Salvia Seed Sowing here's how:

Salvia_guy(z8 OR)February 24, 2005

I've been noticing several questions about salvia seed sowing and germination. Here's the method I use to start my salvia seeds. I germinate hundreds of seeds of many different species.

Salvia Seed Sowing

Fill pots with moist potting mix that drains well. Sow seeds on the surface of the potting mix. Mist seeds well after sowing.

Optional Step

Place pots in a tub or sink filled with warm water. Allow the water to seep up through the mix until it breaks the mix surface. Remove the pots and allow to drain.

Place pots with sown seeds in a bright window. Cover pots with a plastic bag, for individual pots. If using a seed sowing kit place pots in tray and cover the whole tray with the plastic dome. Keep seeds moist, mist if needed.

A heat pad will help with germination.

Most salvia seeds will develop a gelatinous coating once they are moistened. Some will also develop a fuzzy mold on this coating prior to germinating. Salvia seeds start to germinate ( when the root first breaks through the seed shell) anywhere from 2 - 14 days, some may take even longer. A light misting can help stubborn seeds germinate.

Once most of the seeds have germinated and the seed leaves have emerged remove the covering from the pots. When the second set of true leaves appear pot the seedlings up into individual pots. This can be done after the first set of true leaves appear if the seedlings are getting lanky or are large.

Water seedlings from the bottom as needed.

PLEASE NOTE: Some species germinate better after the seeds have been aged (8 mths. to a year) in dry storage. I use paper coin envelopes to store my seed. I do not refrigerate them.

SG

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CA Kate

thanks for the 101... I've saved it for future reference.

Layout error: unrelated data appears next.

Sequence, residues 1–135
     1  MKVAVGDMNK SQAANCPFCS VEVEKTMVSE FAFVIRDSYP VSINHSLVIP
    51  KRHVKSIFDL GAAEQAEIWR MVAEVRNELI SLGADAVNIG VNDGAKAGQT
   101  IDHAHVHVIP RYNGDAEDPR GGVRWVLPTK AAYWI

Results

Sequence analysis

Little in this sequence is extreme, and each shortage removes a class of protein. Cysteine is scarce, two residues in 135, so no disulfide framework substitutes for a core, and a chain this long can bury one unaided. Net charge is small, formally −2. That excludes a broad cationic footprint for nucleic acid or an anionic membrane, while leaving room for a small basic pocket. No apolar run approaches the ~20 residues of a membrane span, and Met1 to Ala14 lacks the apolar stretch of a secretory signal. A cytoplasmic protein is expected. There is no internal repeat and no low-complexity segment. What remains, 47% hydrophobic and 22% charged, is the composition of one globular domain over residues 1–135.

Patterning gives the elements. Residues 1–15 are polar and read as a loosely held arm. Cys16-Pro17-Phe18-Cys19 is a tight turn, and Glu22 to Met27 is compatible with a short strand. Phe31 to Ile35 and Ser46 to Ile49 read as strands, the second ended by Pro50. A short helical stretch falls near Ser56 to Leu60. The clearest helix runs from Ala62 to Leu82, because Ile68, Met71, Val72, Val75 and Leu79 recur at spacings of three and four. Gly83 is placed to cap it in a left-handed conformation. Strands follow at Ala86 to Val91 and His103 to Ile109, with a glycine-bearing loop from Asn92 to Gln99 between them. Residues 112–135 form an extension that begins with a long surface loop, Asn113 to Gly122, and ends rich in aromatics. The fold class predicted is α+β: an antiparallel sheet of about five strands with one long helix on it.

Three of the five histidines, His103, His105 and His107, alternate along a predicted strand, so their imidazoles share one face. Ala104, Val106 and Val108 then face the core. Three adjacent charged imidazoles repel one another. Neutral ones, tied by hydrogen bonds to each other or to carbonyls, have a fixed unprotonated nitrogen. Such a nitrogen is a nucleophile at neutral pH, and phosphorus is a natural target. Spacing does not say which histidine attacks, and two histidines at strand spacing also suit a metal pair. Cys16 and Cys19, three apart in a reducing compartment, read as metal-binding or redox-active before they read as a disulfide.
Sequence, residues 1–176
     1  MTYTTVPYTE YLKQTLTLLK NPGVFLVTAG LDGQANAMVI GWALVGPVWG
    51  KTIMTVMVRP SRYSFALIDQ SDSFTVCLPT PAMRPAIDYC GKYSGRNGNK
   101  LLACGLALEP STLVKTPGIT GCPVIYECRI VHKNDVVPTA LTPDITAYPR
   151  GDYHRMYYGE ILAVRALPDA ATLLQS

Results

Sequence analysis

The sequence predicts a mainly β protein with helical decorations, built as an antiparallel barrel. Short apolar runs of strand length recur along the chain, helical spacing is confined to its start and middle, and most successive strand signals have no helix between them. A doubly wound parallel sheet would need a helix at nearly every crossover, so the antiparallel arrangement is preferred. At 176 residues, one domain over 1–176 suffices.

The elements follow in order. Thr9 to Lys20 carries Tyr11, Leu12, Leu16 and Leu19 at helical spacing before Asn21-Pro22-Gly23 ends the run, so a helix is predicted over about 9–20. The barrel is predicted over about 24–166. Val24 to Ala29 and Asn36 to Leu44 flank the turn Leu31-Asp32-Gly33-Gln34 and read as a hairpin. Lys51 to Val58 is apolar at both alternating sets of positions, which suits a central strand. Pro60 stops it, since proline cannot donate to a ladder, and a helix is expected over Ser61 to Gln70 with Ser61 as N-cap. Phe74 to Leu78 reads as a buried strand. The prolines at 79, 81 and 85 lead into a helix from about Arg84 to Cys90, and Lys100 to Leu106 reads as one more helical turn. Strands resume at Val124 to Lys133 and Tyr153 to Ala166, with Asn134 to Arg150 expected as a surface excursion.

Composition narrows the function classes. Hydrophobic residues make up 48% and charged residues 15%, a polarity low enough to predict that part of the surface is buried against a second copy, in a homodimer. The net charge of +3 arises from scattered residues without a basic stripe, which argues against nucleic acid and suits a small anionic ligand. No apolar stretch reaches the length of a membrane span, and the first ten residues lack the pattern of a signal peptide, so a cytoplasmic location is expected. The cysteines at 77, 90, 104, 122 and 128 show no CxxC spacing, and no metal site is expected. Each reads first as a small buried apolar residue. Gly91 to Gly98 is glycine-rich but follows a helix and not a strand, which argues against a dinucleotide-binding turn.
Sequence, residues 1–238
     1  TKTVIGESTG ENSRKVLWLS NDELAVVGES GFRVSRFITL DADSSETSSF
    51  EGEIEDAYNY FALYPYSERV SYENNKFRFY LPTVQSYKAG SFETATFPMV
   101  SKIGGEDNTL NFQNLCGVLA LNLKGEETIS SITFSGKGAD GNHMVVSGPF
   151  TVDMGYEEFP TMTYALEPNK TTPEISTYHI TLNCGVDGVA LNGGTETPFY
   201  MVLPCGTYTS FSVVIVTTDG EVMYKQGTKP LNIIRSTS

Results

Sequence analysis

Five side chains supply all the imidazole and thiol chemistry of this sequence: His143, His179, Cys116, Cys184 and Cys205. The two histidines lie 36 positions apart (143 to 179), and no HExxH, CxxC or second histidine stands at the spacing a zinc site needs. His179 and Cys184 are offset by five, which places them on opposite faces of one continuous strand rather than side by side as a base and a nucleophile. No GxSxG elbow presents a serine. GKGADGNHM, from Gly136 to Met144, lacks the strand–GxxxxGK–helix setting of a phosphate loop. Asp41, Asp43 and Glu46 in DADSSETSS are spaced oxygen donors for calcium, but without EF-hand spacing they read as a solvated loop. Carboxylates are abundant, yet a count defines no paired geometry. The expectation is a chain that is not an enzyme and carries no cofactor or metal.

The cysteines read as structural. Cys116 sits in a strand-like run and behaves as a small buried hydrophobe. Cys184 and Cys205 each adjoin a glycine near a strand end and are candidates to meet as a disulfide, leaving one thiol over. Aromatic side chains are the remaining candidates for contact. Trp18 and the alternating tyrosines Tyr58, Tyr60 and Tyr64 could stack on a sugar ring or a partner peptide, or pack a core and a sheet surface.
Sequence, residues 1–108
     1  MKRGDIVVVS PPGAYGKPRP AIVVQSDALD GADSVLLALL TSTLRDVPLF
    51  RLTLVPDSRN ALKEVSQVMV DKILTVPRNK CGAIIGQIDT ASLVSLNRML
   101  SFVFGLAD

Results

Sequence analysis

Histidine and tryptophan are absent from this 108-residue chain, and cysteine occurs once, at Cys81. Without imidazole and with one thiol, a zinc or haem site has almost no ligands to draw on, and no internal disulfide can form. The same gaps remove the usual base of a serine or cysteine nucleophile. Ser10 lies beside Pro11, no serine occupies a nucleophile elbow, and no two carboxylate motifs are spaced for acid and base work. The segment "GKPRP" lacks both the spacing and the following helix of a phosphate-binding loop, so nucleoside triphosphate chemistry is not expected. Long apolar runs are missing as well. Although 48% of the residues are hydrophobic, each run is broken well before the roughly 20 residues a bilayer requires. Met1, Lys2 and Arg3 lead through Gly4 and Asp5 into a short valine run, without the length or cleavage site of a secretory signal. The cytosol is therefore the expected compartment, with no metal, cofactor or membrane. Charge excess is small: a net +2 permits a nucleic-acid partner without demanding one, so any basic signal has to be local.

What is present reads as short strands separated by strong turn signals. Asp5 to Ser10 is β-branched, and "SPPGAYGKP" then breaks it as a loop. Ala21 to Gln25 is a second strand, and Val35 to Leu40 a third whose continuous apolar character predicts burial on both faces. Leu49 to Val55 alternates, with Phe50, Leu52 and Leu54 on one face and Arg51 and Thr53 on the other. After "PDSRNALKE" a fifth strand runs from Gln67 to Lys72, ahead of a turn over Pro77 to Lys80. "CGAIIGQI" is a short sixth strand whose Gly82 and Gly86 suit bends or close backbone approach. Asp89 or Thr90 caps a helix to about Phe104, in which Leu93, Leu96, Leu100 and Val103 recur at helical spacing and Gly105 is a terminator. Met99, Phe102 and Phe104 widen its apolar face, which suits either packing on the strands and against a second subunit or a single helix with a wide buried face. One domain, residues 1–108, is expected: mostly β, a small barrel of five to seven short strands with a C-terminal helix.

Bookmark   February 24, 2005 at 12:19PM
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jan_z8(BC)

Thanks from here too, Salvia guy.

Jan --about to start Salvia for the first time

PS. How about putting that into a FAQ?

    Bookmark   February 24, 2005 at 10:31PM
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phoebe1969(z8CA)

I winter sowed my Salvia outdoors with pretty much the same method. I used seed starting soil and large & small styrofoam cups or 4 in. pots. I put them in clear plastic storage containers on a table outside. I started them on Winter solstice and the last were done by the end of January. So far I have 50% germinated!! I had good success last year Winter Sowing Salvias also. I thought they needed a 4 week cold period so did not do any in the greenhouse with heatmat.

    Bookmark   February 25, 2005 at 9:15PM
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penny1947(z6 WNY)

SG and Phoebe,
i too have had very good success with wintersowing my salvia seeds. Farinacea is an excellent candidate for wintersowing especially in colder zones.

penny

    Bookmark   March 1, 2005 at 11:02AM
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jwmeyer(Z8 OR)

All good inf. Just so I understand this, you just lay the seed on top of the soil and water from the bottom? As you can tell, i'm new at seed starting..

Thanks a lot...

    Bookmark   March 1, 2005 at 8:32PM
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Salvia_guy(z8 OR)

You surface sow then mist the seed well, then water from bottom.

SG

    Bookmark   March 2, 2005 at 9:36AM
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penny1947(z6 WNY)

Misting the seed from the top after you sow it helps the seed to settle in and make good contact with the soil.

Penny

    Bookmark   March 3, 2005 at 7:19AM
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jwmeyer(Z8 OR)

OK, thanks.....

    Bookmark   March 3, 2005 at 8:45PM
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julie79(z5/6 MA)

Thanks for all the tips. I'm new to growing salvia and appreciate them all.

I bought a packet of Perennial Salvia Oxford Blue (Salvia patens) at the New England Flower Show yesterday and am wondering whether it's suitable for winter sowing. It's a front tender perennial, zones 5-9. (The packet says to lift the tuberous roots in winter, as for dahlias.)

Do any of you have experience with this variety?

If I can get it to germinate and grow (a big "if"!), will it flower this summer?

    Bookmark   March 18, 2005 at 12:03PM
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phoebe1969(z8CA)

Julie: zone 5 sounds liberal. Betsy says low 20's and mine survived 24* heavily mulched with pebbles and redwood.

    Bookmark   March 18, 2005 at 12:20PM
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flyskyhigh40(z17 N.Ca)

so...just how do you collect the seed from a salvia? Living and experimenting in N.california and have a few wonderful and bright colored salvia. When and how do you collect seed if at all possible.

    Bookmark   March 18, 2005 at 11:52PM
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ric_oregon

Just the info I was hopeing to find. Have a few hundred seed taken from various salvia last year. Can't wait to see what kind of mix I get.